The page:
Sales and marketing teams may still disagree on who provides the highest quality leads (check out the stats in most recent State of Inbound report), but that shouldn’t keep the two departments from working together to convert all leads—both marketing-generated leads and sales-initiated leads—into customers.
One of the key ways marketing can support the efforts of the sales team is through content, and sales should never overlook the potential of marketing content to further relationships with prospects, leads and established customers.
To figure out how to best foster a sharing of content between department, first answer these questions about the relationship between your marketing and sales teams in relationship to content:
1. Does your sales team know what content marketing is creating?
A: They don’t have a clue. Salespeople never bother to read the blog and some don’t even follow corporate social media accounts. And marketing doesn’t make any efforts to keep sales up to date on new reports, media mentions or videos, either.
B: Sometimes. Some salespeople skim the blog and occasionally send links to their leads and customers, and marketing shares their current focus during inter-departmental meetings each quarter, but more could be done.
C: Of course! Marketing sends weekly digests to sales team members with a quick synopsis of recent blog posts (and who the target personas are). Sales teams keep an inventory of available case studies, reports, videos and other assets so they can quickly identify which ones to use in providing further information to leads.
Which of these sounds familiar?
Maximizing the sales team’s use of existing marketing content requires a joint effort. Sales needs to understand that many buyers want more content before making a decision. Research has shown that decisions makers typically access five pieces of content before making a purchase decision (Source).
Tip: Close more deals by giving sales access to marketing content.
Marketing can enable sales, and help prove their contribution to closing sales, by providing weekly digests to sales team members of what has been published on the company blog. This makes it simpler for sales to determine which posts might be worth sending to specific leads with a personal note.
It is also helpful for one of the departments to maintain a searchable database, or even a shared spreadsheet, listing assets such as ebooks, case studies, videos, checklists, whitepapers and reports that can easily be searched by topic, persona, and product or service.
This way, when a lead wants to know more about how a specific product works or what other customers have experienced with your service, the sales rep has a link at his or her fingertips to send a how-to video, case study or testimonial from your established library of resources. (See our extensive library of inbound marketing resources here.)
2. Does your marketing team know what content sales needs?
A: What do you mean? We create marketing content not sales materials.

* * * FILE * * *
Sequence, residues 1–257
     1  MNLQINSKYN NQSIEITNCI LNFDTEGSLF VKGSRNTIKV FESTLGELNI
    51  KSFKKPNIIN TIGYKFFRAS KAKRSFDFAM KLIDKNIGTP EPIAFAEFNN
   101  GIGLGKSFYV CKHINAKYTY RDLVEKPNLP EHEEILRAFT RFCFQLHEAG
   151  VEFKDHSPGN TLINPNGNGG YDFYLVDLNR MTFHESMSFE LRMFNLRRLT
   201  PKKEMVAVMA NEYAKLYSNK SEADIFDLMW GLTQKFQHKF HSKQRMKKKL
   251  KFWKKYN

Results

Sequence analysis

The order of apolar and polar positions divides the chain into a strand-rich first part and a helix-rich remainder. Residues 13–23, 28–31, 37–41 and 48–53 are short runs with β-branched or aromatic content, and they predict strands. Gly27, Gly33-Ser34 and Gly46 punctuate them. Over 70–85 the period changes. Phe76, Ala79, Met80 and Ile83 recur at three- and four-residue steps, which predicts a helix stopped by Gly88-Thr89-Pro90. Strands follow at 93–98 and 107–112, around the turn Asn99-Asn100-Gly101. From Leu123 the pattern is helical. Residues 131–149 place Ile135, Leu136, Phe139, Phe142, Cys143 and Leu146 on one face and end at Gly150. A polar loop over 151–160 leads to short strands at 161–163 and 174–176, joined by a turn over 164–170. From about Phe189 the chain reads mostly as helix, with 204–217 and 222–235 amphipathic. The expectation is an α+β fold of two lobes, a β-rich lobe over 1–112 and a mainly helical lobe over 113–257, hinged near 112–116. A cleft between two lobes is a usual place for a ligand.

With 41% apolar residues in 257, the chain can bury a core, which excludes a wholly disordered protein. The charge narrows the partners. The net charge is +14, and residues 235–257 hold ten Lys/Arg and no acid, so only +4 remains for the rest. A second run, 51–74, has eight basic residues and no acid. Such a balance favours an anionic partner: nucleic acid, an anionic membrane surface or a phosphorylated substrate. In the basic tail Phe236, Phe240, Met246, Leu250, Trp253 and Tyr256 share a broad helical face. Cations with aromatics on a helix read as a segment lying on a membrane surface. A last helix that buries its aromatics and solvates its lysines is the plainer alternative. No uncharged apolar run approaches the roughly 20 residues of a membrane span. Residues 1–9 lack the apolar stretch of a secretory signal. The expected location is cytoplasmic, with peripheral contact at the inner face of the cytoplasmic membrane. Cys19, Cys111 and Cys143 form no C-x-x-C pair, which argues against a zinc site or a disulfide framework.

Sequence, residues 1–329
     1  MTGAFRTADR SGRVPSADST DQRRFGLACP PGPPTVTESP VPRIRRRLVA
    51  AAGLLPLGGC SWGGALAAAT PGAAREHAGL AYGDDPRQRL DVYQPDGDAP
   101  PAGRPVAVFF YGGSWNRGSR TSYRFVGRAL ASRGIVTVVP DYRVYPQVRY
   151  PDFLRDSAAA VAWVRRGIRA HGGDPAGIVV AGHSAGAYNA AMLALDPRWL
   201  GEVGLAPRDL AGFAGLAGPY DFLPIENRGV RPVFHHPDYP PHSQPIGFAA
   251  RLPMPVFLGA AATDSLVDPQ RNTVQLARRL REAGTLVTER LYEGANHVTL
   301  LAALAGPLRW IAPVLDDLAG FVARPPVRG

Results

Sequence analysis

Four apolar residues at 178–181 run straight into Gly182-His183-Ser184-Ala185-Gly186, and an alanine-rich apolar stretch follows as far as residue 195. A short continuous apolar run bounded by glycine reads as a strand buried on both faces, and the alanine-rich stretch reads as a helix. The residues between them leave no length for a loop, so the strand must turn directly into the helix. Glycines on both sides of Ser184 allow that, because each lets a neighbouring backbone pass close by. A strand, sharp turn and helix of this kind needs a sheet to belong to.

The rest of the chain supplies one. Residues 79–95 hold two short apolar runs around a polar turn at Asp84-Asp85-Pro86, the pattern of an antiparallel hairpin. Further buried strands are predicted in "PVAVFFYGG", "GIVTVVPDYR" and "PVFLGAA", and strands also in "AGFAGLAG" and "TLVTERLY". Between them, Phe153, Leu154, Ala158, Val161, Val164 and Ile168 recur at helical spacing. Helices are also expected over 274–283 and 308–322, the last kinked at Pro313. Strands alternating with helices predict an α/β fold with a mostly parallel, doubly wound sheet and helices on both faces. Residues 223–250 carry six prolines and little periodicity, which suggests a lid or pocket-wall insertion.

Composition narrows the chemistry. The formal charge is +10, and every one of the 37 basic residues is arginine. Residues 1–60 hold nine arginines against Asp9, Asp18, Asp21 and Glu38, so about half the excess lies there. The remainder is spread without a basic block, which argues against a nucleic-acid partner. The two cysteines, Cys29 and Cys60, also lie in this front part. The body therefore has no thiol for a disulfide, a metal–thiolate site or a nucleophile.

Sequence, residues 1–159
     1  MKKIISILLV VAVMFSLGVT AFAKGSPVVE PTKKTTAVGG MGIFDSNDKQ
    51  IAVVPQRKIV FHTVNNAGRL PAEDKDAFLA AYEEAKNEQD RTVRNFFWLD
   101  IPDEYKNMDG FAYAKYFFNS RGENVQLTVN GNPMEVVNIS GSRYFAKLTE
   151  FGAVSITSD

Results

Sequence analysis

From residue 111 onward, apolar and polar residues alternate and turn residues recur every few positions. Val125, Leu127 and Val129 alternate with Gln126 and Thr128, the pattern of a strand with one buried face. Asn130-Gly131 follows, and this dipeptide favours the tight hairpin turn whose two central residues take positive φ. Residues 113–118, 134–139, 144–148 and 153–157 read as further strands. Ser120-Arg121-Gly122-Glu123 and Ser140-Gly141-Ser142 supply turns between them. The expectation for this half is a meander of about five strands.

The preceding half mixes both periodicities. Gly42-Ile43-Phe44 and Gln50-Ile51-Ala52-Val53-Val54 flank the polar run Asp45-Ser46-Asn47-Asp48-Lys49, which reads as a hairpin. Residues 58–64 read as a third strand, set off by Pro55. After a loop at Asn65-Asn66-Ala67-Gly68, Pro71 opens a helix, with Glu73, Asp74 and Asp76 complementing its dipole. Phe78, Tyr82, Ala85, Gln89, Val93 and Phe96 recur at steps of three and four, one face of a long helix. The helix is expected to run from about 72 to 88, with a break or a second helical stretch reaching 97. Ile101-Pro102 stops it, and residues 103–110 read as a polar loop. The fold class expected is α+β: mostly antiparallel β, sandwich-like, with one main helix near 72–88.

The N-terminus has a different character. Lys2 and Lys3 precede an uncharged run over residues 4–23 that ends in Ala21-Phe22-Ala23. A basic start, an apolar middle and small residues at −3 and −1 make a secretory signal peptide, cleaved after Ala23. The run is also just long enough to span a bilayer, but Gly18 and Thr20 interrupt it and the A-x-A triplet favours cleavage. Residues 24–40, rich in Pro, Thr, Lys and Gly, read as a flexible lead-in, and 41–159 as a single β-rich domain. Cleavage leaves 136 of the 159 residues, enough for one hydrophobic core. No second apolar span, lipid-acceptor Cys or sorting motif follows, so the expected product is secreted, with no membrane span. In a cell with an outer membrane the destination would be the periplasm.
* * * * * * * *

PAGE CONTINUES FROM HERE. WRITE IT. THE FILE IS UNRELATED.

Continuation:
B: We talk about overall campaigns and strategies during a joint meeting twice a year, so we know their overall targets and priorities, but that’s about it.
C: We maintain an open dialogue with sales, and they are quick to provide us feedback about the objections and questions they receive from leads. We use that feedback for guidance when creating future content, and have even created items specifically to address common objections.
Again, maximizing the use of content in nurturing leads and closing sales is a two-way street.
Marketing can sometimes be insulated from the day-to-day communications sales reps have with their leads and customers, and may not know what is causing leads to hesitate or specifically what information is missing in the decision-making process. Sales, however, is on the front lines, actually talking with leads.
This means that sales needs to relay what they hear to marketing, and marketing needs to act on it.
This could be as simple as sales learning that prospects tend to equate their brand only with Product A, not realizing they also offer Product B. This would be a sign that marketing needs to increase the visibility of Product B and how it fits with the company’s brand.
Or sales requests could be much more specific, such as needing a how-to video regarding Service C, because leads are often confused about how it works.
When sales and marketing work together to create the right kind of content and maximize its use throughout the buyer’s journey, the end result is positive for both: more closed sales and greater ROI on marketing’s investment in content.
A joint approach to content creation and implementation isn’t the only way of improving the relationship between marketing and sales to improve overall outcomes.
Find more details on things like defining a marketing-qualified lead, setting lead generation and sales closure goals based on data, and sharing lead intelligence in The Complete Guide to Unifying Marketing & Sales.